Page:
Wednesday, November 9, 2011

A Hand-Dipped Beeswax Candle Tutorial {Sustainable Lighting}

It's a cool day in November and the smell of warm honey fills my home because we're in the kitchen hand dipping beeswax candles!

This has become a seasonal tradition for me and children. I can't even begin to tell you how much fun we have making these candles! Well, I take that back, I probably could but that's not why you're reading this tutorial (wink).

I first started making beeswax candles a couple of years ago when I read these two instructional blog posts:
My method for making candles has evolved over time and I am now experimenting with several different elements. But, I want to share with you my tried and true way for creating these lovely little things.

The Benefits of Making and Burning Beeswax Candles
  1. They are simple to make! Don't be afraid. Just be sure to lay down enough newspaper around your work area, follow this tutorial, and trust me you'll figure it out (smile).
  2. Beeswax candles actually work to purify the air. They cause all the nastiness, i.e. pollen, dust, odors, and toxins to literally fall from the air onto the floor. This happens via static electricity. Read more here...
  3. We are supporting our local bee/honey farmer by purchasing from him. Check this site out to find a local source for honey and wax. 
  4. At $3 a pound for bulk, raw, unfiltered beeswax I consider this a pretty frugal craft.
  5. Teaching my children, and myself for that matter, a sustainable skill is invaluable!
  6. Giving hand-dipped beeswax candles as gifts is always appreciated and cherished by family and friends alike.
Easy to Follow Instructions

Chop your beeswax into small pieces to aid with the melting time.

With a double-boiler type set up, melt the wax. I like to reuse a large tin can. It needs to be something tall enough in order for your tapers to be the height you want them.

Cut pieces of hemp cord according to the desired height of your candles. Yes, I prefer to use hemp cord (purchased from any craft store) simply because beeswax has such a high melting point if you use a regular cotton wick they won't burn correctly.

Soak the hemp cord in the beeswax. Some people tie a washer or some sort of metal weight to the ends of the wick, but that's just to much trouble for me! I simply transfer the soaked wick to a piece of newspaper and roll it straight. Allow it to dry and you're good to go.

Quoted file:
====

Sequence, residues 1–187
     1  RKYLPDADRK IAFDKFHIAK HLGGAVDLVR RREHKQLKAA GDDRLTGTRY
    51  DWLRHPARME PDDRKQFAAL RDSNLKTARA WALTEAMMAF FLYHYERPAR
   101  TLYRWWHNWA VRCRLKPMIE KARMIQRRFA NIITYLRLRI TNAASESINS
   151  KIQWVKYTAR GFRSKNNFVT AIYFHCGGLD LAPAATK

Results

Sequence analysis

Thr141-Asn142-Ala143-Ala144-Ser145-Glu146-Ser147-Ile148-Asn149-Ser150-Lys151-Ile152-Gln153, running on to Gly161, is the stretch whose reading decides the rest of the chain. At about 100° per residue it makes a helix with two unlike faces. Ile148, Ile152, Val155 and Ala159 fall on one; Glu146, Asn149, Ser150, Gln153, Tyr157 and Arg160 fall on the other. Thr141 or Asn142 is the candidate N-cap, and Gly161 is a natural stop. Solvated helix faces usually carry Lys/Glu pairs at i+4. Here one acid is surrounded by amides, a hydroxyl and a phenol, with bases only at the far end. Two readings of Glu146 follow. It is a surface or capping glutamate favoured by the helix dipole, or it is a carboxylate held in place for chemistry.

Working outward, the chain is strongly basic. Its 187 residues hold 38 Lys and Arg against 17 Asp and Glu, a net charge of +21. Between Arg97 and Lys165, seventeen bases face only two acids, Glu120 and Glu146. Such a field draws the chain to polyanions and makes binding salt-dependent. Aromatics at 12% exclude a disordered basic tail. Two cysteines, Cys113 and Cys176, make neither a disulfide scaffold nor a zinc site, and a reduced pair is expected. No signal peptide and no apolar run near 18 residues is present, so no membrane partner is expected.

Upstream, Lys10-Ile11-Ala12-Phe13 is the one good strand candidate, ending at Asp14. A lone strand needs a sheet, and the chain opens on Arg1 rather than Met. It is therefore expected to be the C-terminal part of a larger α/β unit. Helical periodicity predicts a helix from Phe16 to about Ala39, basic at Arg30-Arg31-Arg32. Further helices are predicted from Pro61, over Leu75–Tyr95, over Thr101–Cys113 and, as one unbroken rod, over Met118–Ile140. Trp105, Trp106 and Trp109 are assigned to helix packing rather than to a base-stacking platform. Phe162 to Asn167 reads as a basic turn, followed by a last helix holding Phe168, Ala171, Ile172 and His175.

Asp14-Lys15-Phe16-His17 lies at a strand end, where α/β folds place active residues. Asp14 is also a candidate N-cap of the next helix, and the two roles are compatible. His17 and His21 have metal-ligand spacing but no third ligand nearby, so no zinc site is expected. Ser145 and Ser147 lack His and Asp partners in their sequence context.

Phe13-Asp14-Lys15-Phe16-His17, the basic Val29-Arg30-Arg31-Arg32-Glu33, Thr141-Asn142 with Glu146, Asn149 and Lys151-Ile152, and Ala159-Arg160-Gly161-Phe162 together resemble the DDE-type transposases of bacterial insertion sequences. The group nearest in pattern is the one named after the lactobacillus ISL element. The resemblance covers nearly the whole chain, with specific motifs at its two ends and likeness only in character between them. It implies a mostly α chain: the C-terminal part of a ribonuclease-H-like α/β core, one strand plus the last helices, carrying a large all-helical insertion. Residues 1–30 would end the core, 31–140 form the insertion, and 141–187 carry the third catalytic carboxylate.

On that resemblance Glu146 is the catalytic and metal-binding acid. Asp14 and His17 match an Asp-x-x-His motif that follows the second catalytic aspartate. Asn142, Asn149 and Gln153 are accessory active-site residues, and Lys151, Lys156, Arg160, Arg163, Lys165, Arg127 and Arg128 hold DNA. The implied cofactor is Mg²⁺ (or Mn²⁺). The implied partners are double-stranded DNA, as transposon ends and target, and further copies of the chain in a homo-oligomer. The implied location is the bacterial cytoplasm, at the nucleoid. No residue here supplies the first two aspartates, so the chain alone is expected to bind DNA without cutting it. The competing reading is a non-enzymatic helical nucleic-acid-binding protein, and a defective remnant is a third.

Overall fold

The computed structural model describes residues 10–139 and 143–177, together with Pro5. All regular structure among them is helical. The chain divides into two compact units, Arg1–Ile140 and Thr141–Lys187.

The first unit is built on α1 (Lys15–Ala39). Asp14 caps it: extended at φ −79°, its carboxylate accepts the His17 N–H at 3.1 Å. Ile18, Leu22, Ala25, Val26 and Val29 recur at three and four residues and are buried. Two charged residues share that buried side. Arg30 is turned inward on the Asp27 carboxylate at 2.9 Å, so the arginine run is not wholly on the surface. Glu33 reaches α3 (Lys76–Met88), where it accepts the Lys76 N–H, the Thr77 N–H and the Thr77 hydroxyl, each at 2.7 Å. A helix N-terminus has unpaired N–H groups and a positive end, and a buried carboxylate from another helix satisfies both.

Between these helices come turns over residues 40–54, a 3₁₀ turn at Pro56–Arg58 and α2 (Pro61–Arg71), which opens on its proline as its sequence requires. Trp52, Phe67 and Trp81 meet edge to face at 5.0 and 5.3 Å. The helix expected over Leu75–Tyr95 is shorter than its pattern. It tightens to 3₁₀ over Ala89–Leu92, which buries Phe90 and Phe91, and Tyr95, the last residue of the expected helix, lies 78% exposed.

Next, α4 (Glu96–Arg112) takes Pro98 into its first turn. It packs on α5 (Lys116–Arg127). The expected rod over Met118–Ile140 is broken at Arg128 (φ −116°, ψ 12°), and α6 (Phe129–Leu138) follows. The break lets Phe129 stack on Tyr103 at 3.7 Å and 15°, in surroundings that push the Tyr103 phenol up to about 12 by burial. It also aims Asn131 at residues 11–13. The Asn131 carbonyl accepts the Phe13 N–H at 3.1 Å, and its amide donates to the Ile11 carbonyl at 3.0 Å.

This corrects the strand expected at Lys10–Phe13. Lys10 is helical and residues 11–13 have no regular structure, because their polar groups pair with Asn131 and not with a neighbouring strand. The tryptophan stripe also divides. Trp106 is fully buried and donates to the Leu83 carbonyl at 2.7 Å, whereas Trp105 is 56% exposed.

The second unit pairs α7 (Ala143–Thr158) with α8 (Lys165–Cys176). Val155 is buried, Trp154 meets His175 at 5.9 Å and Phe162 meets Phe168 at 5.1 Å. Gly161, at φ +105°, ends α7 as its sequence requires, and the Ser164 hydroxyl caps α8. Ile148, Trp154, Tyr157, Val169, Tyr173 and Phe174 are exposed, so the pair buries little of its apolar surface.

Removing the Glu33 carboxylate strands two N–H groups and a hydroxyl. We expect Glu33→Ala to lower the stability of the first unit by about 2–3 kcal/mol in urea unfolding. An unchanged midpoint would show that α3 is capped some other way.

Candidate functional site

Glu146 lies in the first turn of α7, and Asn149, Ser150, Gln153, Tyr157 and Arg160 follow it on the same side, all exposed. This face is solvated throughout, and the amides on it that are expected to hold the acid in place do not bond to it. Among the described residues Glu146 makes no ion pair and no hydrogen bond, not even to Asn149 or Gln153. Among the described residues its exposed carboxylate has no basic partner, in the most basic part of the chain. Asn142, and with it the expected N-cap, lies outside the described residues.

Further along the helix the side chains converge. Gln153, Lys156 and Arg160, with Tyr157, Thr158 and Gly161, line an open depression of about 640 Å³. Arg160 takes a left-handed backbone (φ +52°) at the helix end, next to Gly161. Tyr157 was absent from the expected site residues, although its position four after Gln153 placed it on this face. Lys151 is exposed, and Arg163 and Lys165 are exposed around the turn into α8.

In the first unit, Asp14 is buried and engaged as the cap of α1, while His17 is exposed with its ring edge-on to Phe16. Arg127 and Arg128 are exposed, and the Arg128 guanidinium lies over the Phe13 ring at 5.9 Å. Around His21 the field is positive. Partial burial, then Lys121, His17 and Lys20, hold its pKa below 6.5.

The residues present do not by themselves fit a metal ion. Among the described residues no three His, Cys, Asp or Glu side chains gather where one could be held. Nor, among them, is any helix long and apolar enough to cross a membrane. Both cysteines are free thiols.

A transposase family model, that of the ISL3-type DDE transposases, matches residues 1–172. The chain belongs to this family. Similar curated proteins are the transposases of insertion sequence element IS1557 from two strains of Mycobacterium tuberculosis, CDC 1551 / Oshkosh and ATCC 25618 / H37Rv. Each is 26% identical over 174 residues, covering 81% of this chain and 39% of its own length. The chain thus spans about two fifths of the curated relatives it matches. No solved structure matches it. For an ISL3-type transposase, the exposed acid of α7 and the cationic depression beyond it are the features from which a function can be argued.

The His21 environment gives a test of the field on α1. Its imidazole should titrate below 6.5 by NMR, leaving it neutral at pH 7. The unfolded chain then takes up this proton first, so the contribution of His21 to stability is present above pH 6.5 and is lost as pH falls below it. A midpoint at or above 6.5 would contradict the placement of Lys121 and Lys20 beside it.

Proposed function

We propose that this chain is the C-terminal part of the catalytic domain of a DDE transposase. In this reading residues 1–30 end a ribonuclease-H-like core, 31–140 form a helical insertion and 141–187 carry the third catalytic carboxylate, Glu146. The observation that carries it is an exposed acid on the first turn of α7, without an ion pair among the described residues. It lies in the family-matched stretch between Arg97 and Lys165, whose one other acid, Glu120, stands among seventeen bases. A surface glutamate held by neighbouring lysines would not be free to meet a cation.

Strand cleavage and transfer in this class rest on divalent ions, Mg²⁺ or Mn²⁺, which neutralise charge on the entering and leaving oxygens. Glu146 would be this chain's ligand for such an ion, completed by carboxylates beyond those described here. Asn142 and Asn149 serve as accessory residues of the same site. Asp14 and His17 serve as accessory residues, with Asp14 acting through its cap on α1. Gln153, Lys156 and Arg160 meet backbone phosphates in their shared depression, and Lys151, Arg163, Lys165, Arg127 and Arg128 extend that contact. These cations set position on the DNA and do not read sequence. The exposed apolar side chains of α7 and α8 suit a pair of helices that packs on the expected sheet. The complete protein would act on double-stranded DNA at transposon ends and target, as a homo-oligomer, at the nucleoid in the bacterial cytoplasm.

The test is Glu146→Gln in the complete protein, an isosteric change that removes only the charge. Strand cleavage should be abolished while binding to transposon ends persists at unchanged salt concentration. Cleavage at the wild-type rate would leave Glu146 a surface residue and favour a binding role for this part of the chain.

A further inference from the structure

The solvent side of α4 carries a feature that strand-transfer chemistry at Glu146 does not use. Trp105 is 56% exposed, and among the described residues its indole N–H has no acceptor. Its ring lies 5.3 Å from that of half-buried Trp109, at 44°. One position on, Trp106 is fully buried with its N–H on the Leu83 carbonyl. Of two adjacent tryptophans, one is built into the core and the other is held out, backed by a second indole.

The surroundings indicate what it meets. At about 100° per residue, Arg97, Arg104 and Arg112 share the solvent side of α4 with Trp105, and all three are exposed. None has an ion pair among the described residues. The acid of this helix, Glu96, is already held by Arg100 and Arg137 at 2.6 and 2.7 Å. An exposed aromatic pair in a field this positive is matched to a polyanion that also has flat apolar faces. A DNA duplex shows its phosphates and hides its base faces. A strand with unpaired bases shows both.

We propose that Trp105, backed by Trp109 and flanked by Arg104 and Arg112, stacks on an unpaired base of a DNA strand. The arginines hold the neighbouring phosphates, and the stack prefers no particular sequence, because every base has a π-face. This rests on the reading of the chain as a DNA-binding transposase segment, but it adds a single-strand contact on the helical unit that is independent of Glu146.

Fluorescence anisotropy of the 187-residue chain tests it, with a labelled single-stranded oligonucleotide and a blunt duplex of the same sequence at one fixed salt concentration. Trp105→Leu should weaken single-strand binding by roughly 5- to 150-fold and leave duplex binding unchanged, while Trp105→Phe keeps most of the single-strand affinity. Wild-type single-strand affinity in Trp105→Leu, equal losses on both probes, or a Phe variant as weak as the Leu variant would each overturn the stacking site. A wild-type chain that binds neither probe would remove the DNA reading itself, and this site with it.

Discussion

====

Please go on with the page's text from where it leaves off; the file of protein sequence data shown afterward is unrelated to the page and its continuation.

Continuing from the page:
Start dipping! This is a tedious and sometimes a long process (depending on how many tapers you are working with). For us, I don't mind the time! It just means more time that I can spend talking with the children about the science, math, and history that's behind it all.

I rig up a drying rack by using a dowel rod between two door handles. But, do what works for you. Just be sure to place newspaper underneath to catch the random drippings.

Once completely dry. Store in a cool, dry place until ready for use.

I also like to reuse old glass containers by filling them with wax and 2-3 wicks for a beautiful hand-poured beeswax candle!


-Mix beeswax with tallow (beef fat) for a softer candle. Mixing with tallow will also extend the life of your beeswax. Tallow is another older form of sustainable lighting used in the late 19th and early 20th centuries. Tallow was often used in Betty Lamps to provide light in the evening hours.

-There are individuals who are much more knowledgeable than me when it comes to candle-making! Check out Sweet Bee Candles to learn more.

Few things more beautiful than the flicker of light coming from our own homemade candles on a cold evening with the light turned off.  I'd love it if you would leave a comment and share with us your candle making journey.

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At November 9, 2011 at 1:28 PM , Blogger Allison at Novice Life said...

Wow how neat! I'd like to give this a try!

At November 9, 2011 at 8:11 PM , Anonymous Abbi said...

We want to do this soon! We have made candles before but never beeswax candles, this year however we raised bees and we have a bunch of wax from the cappings. I am a little uncertian about getting it from cappings to candles but I am going to give it a try someday soon.
Thanks for the tip on using Hemp cord.

At November 10, 2011 at 6:16 AM , Anonymous Arlynn said...

We have our kids decorate the candles with Stockmar beeswax colored sheets, cut into shapes with little tiny "cookie" cutters that I got at a craftstore, meant to use on clay. I have had the beeswax sheets for over 5 yrs and probably will not use them up for another 10 yrs with monthly use, so it was a really good investment, although pricey initially. We do our seatwork each day after lighting up a candle in the wintertime, which makes it so much more cozy. I will def look for hemp wicks. We've used cotton wicks and they burn fast ime with a lot of drips. I guess the high heat is why! Thanks for a great post!

At November 10, 2011 at 7:00 AM , OpenID said...

This is rocking my world... We are getting bees on our farm in the this is getting bookmarked...
Not to mention i have leftover beeswax from dipping leaves last week.
So excited I found this post.

At November 10, 2011 at 7:45 AM , OpenID said...

This is rocking my world.
We have bees coming in the spring to our farm...
Not to mention the left over beeswax I have from last week from dipping leaves with the kids.